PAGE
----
Levy-Lahad E, Catane R, Eisenberg S, Kaufman B, Hornreich G, Lishinsky E, Shohat M, Weber BL, Beller U, Lahad A, Halle D: Founder BRCA1 and BRCA2 mutations in Ashkenazi Jews in Israel: frequency and differential penetrance in ovarian cancer and in breast-ovarian cancer families.Am J Hum Genet 1997,60(5):1059-1067.
Charrow J: Ashkenazi Jewish genetic disorders.Fam Cancer 2004,3(3–4):201-206.
Langston AA, Malone KE, Thompson JD, Daling JR, Ostrander EA: BRCA1 mutations in a population-based sample of young women with breast cancer.N Engl J Med 1996,334(3):137-142. 10.1056/NEJM199601183340301
de Sanjose S, Leone M, Berez V, Izquierdo A, Font R, Brunet JM, Louat T, Vilardell L, Borras J, Viladiu P, Bosch FX, Lenoir GM, Sinilnikova OM: Prevalence of BRCA1 and BRCA2 germline mutations in young breast cancer patients: a population-based study.Int J Cancer 2003,106(4):588-593. 10.1002/ijc.11271
Toh GT, Kang P, Lee SS, Lee DS, Lee SY, Selamat S, Mohd Taib NA, Yoon SY, Yip CH, Teo SH: BRCA1 and BRCA2 germline mutations in Malaysian women with early-onset breast cancer without a family history.PLoS One 2008,3(4):e2024. 10.1371/journal.pone.0002024
Evans DG, Moran A, Hartley R, Dawson J, Bulman B, Knox F, Howell A, Lalloo F: Long-term outcomes of breast cancer in women aged 30 years or younger, based on family history, pathology and BRCA1/BRCA2/TP53 status.Br J Cancer 2010,102(7):1091-1098. 10.1038/sj.bjc.6605606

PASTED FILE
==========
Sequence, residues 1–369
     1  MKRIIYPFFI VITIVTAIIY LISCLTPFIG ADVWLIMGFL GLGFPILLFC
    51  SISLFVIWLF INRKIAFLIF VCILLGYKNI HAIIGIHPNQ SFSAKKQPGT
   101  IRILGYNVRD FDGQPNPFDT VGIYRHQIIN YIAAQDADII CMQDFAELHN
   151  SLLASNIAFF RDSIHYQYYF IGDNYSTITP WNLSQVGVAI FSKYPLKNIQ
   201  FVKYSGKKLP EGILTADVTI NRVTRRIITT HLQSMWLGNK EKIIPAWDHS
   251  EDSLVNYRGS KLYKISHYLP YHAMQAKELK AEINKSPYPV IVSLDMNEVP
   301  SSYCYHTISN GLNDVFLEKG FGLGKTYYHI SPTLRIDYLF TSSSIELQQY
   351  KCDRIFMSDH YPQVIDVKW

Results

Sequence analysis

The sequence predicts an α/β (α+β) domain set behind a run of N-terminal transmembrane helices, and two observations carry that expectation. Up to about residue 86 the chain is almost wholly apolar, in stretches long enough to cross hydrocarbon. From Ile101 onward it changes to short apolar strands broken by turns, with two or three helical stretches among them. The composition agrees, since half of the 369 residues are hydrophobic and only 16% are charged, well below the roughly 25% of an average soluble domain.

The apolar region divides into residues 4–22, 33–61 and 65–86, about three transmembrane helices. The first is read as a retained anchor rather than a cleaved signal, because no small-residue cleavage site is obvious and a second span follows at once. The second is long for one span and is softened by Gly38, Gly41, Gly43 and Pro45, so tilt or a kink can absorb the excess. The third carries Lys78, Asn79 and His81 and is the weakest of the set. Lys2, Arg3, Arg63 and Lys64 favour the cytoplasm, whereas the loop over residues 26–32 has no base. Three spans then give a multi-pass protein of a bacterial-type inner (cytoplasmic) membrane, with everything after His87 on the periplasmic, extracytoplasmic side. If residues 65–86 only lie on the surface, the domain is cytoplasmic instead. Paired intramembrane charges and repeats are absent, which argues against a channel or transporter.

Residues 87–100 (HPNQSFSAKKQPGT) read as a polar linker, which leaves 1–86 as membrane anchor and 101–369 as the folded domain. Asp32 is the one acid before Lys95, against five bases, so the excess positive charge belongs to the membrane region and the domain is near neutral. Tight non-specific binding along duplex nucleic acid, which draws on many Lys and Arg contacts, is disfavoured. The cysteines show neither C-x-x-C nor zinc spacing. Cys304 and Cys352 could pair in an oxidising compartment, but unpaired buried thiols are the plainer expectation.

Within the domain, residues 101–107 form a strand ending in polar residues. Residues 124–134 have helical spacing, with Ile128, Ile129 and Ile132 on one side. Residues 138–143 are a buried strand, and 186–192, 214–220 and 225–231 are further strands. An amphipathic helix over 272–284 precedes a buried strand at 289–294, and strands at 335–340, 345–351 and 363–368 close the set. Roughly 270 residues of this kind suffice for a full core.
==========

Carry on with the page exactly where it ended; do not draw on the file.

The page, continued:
Schwartsmann G: Breast cancer in South America: challenges to improve early detection and medical management of a public health problem.J Clin Oncol 2001,19(18 Suppl):118S-124S.
Wang S, Ray N, Rojas W, Parra MV, Bedoya G, Gallo C, Poletti G, Mazzotti G, Hill K, Hurtado AM, Camrena B, Nicolini H, Klitz W, Barrantes R, Molina JA, Freimer NB, Bortolini MC, Salzano FM, Petzl-Erler ML, Tsuneto LT, Dipierri JE, Alfaro EL, Bailliet G, Bianchi NO, Llop E, Rothhammer F, Excoffier L, Ruiz-Linares A: Geographic patterns of genome admixture in Latin American Mestizos.PLoS Genet 2008,4(3):e1000037. 10.1371/journal.pgen.1000037
Gomes MC, Costa MM, Borojevic R, Monteiro AN, Vieira R, Koifman S, Koifman RJ, Li S, Royer R, Zhang S, Narod SA: Prevalence of BRCA1 and BRCA2 mutations in breast cancer patients from Brazil.Breast Cancer Res Treat 2007,103(3):349-353. 10.1007/s10549-006-9378-6
Jara L, Ampuero S, Santibanez E, Seccia L, Rodriguez J, Bustamante M, Martinez V, Catenaccio A, Lay-Son G, Blanco R, Reyes JM: BRCA1 and BRCA2 mutations in a South American population.Cancer Genet Cytogenet 2006,166(1):36-45. 10.1016/j.cancergencyto.2005.08.019
Gallardo M, Silva A, Rubio L, Alvarez C, Torrealba C, Salinas M, Tapia T, Faundez P, Palma L, Riccio ME, Paredes H, Rodriguez M, Cruz A, Rousseau C, King MC, Camus M, Alvarez M, Carvallo P: Incidence of BRCA1 and BRCA2 mutations in 54 Chilean families with breast/ovarian cancer, genotype-phenotype correlations.Breast Cancer Res Treat 2006,95(1):81-87. 10.1007/s10549-005-9047-1